|RECEPTACLES (OUTLETS/PLUGS) - REVERSED POLARITY:
Polarity is a confusing issue. Within 120-volt household circuits, if the polarity is correct, the black wire is the hot wire (ungrounded conductor) and the white wire is the neutral wire (grounded conductor). If the polarity is reversed, the white wire is hot and the black is neutral.
Polarized Outlets Have A Wide And Narrow Slot - Some of the old two-slot receptacles were polarized, but many were not. You can tell by looking, because non-polarized plugs have two slots the same size, and polarized receptacles have different-sized slots. The small slot is intended to be the hot connection and the large slot is the neutral.
Polarized Appliance Plugs Have A Wide And Narrow Slot - Some appliances are polarized and some are not. If the appliance is not polarized, the two prongs on the plug will be the same size. (All of this assumes no ground pin on the plug). Polarized appliance plugs, on the other hand, will have a narrow blade and a wider blade. This polarized plug will only fit into a polarized receptacle one way, and wont fit into the old non-polarized receptacles at all. On these type of appliances, including lamps, polarity matters.
Light Bulbs - With some appliances, polarity doesn't matter. This would be true of a clock, for example. However, with lamps, polarity is important. When you screw a light bulb into a socket, the electricity is intended to flow into the light bulb from the button on the bottom of the socket. Its the black or hot connection. The electricity flows through button on the bulb, through the wire (filament) in the bulb, and out of the bulb through the threaded collar around the bulb. The electricity is picked up by the threaded collar of the socket, which is connected to the white or neutral wire.
Collar Neutral - Electrical continuity is achieved by having the button at the bottom of the bulb contact the button at the bottom of the socket to make the hot-side connection. Then, the threaded collar of the light bulb contact the threaded collar of the lamp socket to complete the neutral-side connection.
Power Only At Button - Consider a light fixture with no bulb. If everything is wired correctly, the only live electricity in the empty lamp is in the button at the base of the socket, even if the switch is turned on. A person is much less likely to touch this button than to touch the threaded collar around the socket.
Hard To Touch Button - While its always good practice to turn a lamp off to change the light bulb, many bulbs are changed with the power on. Its easy to touch the threaded collar when screwing in a new light bulb, but its hard to touch the button at the bottom of the socket.
Reversed Polarity Makes Collar Hot - This is why light fixtures are polarized. We don't want the threaded collar to be hot, since you're much more likely to get a shock. We want that threaded collar to be neutral. If the house wiring has reversed polarity, or the lamp is miswired, the threaded collars on light sockets can be electrically live, and people are much more likely to get a shock.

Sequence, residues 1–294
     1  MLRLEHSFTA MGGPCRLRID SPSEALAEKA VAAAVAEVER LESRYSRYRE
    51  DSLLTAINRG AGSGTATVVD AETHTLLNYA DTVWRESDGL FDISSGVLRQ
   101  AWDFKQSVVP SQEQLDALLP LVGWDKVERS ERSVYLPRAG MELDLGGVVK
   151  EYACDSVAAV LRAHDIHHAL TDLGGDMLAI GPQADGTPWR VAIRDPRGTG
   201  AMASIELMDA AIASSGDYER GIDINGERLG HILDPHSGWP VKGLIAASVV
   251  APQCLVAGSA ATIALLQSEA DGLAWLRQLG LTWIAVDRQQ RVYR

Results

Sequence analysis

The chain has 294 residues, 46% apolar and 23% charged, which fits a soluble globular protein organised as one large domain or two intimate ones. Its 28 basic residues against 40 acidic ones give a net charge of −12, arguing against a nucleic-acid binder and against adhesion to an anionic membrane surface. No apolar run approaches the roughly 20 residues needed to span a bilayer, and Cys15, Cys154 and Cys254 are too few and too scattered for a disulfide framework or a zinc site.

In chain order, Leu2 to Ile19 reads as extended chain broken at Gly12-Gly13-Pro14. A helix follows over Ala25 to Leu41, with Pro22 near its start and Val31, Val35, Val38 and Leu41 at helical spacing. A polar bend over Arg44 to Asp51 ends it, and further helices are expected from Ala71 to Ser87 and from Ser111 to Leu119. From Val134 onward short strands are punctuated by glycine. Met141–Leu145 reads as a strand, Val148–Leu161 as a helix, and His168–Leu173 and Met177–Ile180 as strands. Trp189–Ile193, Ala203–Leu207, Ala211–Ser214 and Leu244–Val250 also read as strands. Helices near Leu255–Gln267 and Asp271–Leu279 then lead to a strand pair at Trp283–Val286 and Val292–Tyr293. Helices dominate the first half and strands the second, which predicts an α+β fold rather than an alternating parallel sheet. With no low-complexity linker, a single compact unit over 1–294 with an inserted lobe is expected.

Switched Appliances - Polarity matters with appliances that have switches. When the appliance is plugged in, power should only go as far as the switch. If polarity is reversed, power will go through the entire appliance back to the switch. If a wire comes loose in the appliance, the entire case of the appliance may be electrically, even though the appliance is not on. This is a shock hazard.
You should have the polarity of receptacles checked by an electrician or when your home is inspected by a home inspector. If the receptacles are not polarized, this is not as issue. Polarized appliance plugs will not fit into non-polarized receptacles because the slots are both narrow. The wide blade for the neutral side will not fit in. We trust none of you will ever file off the wide flanges on the neutral blade, since this defeats the protection of polarization.
Test Polarity - Where you have polarized receptacles, which include some of the two-slot receptacles and all of the modern U-ground receptacles, they should be checked for polarity with a portable circuit analyzer. Reversed polarity receptacles need rewiring.
Black Wire To Brass Screw - One of the ways to identify reversed polarity, other than with a tester, is by removing the outlet cover plate. The black wire is typically connected to the brass screw terminal on the outlet, and the white wire is connected to the silver. This color convention is useful but not 100 percent reliable for identifying reversed polarity.
Sometimes the outlet will appear to be wired properly when you take the cover off. The black wire correctly goes to the brass terminal and the white wire correctly goes to the silver terminal. In this case, the polarity has been reversed somewhere upstream, perhaps right at the panel itself. That's why its not completely reliable to look at the receptacle wiring connections to see if polarity is reversed.
Reversed polarity outlets often go unnoticed for a long time. Many appliances will work just fine. However, the polarity has to be right to provide the protection designed into the system.
It's usually recommended that you contact a Licensed Electrical Contractor for repairs.